After over two years of keeping its borders closed to all tourists, Japan is finally taking steps toward welcoming leisure travelers.
On May 17, the Japan Tourism Agency (JTA) announced that the country would undergo a “test tourism” program before further decisions about reopening to international travelers.
Japan’s “test tourism” trial will allow visitors to enter the country solely as part of the government let small group tours.
“This venture will allow us to verify compliance and emergency responses for infection prevention and plan guidelines for travel agencies and accommodation operators to keep in mind,” JTA said in a statement, according to CNN Travel.
To take part, potential tourists must be triple-vaccinated and come from Australia, Singapore, Thailand, or the U.S. The number of travelers allowed into the program has yet to be decided, but a Japanese government official told CNN that they consider allowing 50 tourists to take part.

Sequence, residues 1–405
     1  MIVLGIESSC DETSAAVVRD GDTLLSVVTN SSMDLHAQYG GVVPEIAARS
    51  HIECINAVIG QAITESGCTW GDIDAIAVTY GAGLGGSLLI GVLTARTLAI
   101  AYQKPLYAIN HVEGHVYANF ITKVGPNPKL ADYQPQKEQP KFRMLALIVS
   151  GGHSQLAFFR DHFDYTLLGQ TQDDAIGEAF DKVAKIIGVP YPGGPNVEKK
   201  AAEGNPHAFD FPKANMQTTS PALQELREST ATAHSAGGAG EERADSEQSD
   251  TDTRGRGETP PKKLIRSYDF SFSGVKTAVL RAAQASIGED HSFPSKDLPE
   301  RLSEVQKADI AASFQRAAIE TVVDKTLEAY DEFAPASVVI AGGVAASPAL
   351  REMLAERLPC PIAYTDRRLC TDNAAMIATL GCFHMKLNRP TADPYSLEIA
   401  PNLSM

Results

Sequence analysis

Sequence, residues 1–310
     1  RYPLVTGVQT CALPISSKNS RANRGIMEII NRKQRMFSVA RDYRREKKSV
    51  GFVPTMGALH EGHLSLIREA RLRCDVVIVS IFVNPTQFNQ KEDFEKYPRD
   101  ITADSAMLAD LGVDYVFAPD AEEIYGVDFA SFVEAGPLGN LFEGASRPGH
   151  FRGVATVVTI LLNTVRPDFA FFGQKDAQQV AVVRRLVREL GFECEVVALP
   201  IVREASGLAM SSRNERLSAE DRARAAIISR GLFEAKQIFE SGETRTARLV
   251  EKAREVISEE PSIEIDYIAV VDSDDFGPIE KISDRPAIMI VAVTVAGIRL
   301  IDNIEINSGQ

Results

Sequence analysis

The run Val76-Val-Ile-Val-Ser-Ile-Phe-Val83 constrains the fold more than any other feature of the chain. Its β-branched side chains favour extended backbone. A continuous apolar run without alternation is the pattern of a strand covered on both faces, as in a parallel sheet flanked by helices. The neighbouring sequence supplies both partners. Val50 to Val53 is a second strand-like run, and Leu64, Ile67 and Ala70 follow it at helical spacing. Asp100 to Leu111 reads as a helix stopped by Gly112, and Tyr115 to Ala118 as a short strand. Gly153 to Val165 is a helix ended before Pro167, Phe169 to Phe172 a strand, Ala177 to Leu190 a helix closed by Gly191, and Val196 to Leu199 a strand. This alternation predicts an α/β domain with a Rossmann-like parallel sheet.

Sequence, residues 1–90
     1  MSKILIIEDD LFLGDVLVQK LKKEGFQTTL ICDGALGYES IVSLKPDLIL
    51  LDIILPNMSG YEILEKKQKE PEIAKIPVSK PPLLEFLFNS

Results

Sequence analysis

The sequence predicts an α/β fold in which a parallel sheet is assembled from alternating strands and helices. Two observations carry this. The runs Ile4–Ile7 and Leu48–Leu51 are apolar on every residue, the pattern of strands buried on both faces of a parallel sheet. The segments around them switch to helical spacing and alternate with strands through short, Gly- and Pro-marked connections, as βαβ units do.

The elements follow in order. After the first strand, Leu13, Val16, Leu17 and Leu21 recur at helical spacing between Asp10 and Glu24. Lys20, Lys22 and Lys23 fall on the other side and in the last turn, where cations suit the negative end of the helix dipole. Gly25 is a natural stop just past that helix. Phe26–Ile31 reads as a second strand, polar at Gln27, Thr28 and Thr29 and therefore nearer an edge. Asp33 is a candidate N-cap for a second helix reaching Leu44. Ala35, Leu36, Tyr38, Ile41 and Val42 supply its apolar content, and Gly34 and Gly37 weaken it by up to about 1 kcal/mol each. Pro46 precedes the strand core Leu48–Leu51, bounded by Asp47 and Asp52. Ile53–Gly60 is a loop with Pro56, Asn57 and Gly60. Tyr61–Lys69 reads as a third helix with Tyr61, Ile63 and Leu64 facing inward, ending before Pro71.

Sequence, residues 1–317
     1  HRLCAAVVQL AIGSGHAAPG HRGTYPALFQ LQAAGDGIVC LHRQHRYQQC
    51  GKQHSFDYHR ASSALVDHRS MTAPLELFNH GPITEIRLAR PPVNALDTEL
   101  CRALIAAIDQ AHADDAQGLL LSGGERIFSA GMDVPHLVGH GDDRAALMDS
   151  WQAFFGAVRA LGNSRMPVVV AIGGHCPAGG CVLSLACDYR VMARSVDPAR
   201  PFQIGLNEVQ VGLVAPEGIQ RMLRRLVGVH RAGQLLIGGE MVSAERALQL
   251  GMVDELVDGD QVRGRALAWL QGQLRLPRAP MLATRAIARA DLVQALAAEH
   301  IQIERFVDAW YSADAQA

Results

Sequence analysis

Other requirements for these trial tourists include contracting private health insurance before arrival and following the current entry rules for Japan, including providing proof of a negative COVID-19 test taken 72 hours before departure. Travelers must also re-test upon arrival.
JTA will work with travel agencies throughout Japan to curate fixed travel itineraries in this test tourism trial. Tour leaders will also be required to accompany their tour groups.
If successful, all signs point to the test program being the beginning of Japan’s larger, phased reopening. There is no exact timeline for when Japan will fully reopen, but Japanese Prime Minister Fumio Kishida has said that the country will reopen this year to match its fellow G7 nations.
For now, only citizens, residents, researchers, students, residents’ family members, and business travelers with prior approval can enter the country.
Jessica is a freelance journalist on a quest to see and experience everything our gorgeous planet offers and share her experiences with her fellow travelers. Jessica has written for several world-class Travel Magazines.